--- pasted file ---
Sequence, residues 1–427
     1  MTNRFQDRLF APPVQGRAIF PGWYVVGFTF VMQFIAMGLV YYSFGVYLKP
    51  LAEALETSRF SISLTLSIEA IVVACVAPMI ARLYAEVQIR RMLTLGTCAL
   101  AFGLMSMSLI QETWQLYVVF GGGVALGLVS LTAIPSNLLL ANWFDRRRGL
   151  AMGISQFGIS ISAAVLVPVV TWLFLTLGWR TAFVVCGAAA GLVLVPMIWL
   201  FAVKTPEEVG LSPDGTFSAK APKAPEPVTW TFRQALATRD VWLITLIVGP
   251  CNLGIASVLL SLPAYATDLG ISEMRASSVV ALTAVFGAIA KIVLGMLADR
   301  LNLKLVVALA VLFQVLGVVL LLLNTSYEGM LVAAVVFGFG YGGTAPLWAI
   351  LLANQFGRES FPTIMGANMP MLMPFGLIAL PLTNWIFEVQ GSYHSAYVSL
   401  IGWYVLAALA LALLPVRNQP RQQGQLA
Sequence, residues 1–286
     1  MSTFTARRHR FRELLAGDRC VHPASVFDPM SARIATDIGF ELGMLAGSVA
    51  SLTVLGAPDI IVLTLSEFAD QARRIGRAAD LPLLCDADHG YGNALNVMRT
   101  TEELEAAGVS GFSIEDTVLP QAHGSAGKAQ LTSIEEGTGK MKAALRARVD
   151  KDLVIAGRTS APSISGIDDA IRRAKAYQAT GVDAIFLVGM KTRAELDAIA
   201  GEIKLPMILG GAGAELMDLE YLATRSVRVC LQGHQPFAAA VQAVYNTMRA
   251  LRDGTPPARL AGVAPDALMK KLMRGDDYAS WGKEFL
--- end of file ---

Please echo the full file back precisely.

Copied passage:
Sequence, residues 1–427
     1  MTNRFQDRLF APPVQGRAIF PGWYVVGFTF VMQFIAMGLV YYSFGVYLKP
    51  LAEALETSRF SISLTLSIEA IVVACVAPMI ARLYAEVQIR RMLTLGTCAL
   101  AFGLMSMSLI QETWQLYVVF GGGVALGLVS LTAIPSNLLL ANWFDRRRGL
   151  AMGISQFGIS ISAAVLVPVV TWLFLTLGWR TAFVVCGAAA GLVLVPMIWL
   201  FAVKTPEEVG LSPDGTFSAK APKAPEPVTW TFRQALATRD VWLITLIVGP
   251  CNLGIASVLL SLPAYATDLG ISEMRASSVV ALTAVFGAIA KIVLGMLADR
   301  LNLKLVVALA VLFQVLGVVL LLLNTSYEGM LVAAVVFGFG YGGTAPLWAI
   351  LLANQFGRES FPTIMGANMP MLMPFGLIAL PLTNWIFEVQ GSYHSAYVSL
   401  IGWYVLAALA LALLPVRNQP RQQGQLA
Sequence, residues 1–286
     1  MSTFTARRHR FRELLAGDRC VHPASVFDPM SARIATDIGF ELGMLAGSVA
    51  SLTVLGAPDI IVLTLSEFAD QARRIGRAAD LPLLCDADHG YGNALNVMRT
   101  TEELEAAGVS GFSIEDTVLP QAHGSAGKAQ LTSIEEGTGK MKAALRARVD
   151  KDLVIAGRTS APSISGIDDA IRRAKAYQAT GVDAIFLVGM KTRAELDAIA
   201  GEIKLPMILG GAGAELMDLE YLATRSVRVC LQGHQPFAAA VQAVYNTMRA
   251  LRDGTPPARL AGVAPDALMK KLMRGDDYAS WGKEFL